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Improve the overall look of your body by sculpting your abdominal muscles

This is an excerpt from Delavier's Sculpting Anatomy for Women by Frederic Delavier & Jean-Pierre Clemenceau.

Learn to do it effectively in
Delavier's Sculpting Anatomy for Women.


The core and abdominal muscles play an important role in the body's aesthetics. Getting a muscular and toned belly in a few months is possible with targeted exercises. Say good-bye to your love handles and belly!


The abdominal wall is made up of four muscles:

1. The rectus abdominis is usually called the abs.

2. The external oblique is located on either side of the rectus abdominis.

3. The internal oblique is located underneath the external oblique.

4. The transversus abdominis is located under the obliques.

Unlike other muscles where you want to develop some size, here the focus is on keeping the waist small by having well-defined muscles.

Muscles in a Slim Waist

The rectus abdominis does help contain the belly, but there are some less well-known muscles that make the waist as small as possible:

> Transversus abdominis acts just like a corset.

> Internal and external obliques, to a lesser degree, also help to refine the waist when they are toned but not too muscular.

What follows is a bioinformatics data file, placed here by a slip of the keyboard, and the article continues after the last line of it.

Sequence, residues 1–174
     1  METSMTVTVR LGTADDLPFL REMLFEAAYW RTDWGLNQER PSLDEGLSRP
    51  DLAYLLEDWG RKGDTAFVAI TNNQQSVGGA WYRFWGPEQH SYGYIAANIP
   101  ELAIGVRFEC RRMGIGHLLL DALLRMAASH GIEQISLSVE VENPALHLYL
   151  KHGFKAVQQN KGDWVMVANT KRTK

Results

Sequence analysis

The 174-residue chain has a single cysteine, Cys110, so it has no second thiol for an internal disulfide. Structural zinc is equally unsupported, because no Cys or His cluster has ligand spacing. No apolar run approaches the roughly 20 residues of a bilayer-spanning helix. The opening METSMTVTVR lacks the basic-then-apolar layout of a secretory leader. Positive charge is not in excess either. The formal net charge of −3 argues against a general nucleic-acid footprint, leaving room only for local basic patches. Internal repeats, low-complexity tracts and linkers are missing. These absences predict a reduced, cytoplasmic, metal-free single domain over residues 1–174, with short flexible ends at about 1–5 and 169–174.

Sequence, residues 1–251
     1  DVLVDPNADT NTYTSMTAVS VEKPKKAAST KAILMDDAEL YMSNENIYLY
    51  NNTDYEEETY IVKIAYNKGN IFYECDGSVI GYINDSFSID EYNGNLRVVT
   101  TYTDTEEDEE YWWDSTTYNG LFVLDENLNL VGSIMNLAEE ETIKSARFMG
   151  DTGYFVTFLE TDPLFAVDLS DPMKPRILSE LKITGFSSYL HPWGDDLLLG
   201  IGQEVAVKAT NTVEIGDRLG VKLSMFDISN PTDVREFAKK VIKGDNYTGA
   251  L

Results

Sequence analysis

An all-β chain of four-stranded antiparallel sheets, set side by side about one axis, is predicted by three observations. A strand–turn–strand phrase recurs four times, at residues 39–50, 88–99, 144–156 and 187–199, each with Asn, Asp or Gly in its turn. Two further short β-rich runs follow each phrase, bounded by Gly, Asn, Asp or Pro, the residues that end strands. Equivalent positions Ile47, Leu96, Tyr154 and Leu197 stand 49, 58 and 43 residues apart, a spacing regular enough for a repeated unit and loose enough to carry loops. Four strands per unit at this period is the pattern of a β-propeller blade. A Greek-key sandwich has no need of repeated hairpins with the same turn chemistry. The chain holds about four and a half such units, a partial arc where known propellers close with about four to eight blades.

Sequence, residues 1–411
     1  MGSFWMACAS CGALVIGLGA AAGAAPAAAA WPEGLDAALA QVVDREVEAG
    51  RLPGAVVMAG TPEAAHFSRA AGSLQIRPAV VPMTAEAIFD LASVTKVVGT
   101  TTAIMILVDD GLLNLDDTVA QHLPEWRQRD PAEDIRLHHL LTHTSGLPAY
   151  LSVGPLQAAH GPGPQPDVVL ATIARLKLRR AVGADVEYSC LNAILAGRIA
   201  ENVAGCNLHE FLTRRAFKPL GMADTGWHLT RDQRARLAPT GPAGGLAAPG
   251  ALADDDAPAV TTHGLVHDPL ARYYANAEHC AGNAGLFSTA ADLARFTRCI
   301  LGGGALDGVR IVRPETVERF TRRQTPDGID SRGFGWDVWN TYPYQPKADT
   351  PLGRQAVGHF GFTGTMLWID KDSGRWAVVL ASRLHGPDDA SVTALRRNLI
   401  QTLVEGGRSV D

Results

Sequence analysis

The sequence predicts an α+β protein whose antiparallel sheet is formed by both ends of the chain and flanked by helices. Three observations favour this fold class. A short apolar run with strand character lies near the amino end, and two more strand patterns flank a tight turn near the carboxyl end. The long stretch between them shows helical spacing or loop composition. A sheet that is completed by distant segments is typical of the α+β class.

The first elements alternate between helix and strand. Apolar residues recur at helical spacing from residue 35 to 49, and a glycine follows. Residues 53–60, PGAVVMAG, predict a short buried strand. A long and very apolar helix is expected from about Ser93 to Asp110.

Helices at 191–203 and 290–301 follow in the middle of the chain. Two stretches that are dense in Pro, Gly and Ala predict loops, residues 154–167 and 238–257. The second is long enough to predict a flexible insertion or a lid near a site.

When talking about the abdominal muscles, the first thing that comes to mind is definitely looks: Well-defined abs are synonymous with a flat belly void of any extra fat. But Mother Nature did not give you abdominal muscles just to look nice. The abdominal wall fulfills vital functions for movement and health. There are six good reasons to take care of your abdominal wall:

1. Increase your athletic performance. The core plays a large role in all physical activities requiring rapid running or twisting of the torso (such as golf or tennis).

2. Protect your spine. In concert with the lumbar muscles, the abdominal muscles support the spine. Weak core and abdominal muscles and a large belly increase the risk of lumbar degeneration.

3. Reduce muscle tension. A few minutes of core and abs work before going to sleep will relax the lumbar muscles, allowing the spine to decompress from the pressure experienced during the day. No more waking up in the morning with back pain.

4. Improve digestive health. Core and abs work improves digestion of food, thereby preventing bloating and constipation.

5. Reduce risk factors for health conditions such as diabetes.

6. Maintain cardiovascular health. Working the core and abdominal muscles is an excellent cardiorespiratory workout, similar to running but without the trauma to the knees and the spine.

Unfortunately, the lower part of the abdominal muscles is much more difficult to strengthen than the upper part. It is possible to do bridges primarily using the strength of the upper abdominal muscles. However, the lower abdominal muscles play the most important role in protecting the spine and preventing bloating in the abdomen. And it is also this part that tends to accumulate fat most easily. A good training program should therefore work both the upper and lower parts of the abdominal muscles. You should know that exercises that involve raising the torso recruit mostly (but not exclusively) the upper part of the abdominal muscles. Exercises that involve lifting the pelvis target the lower part a little better.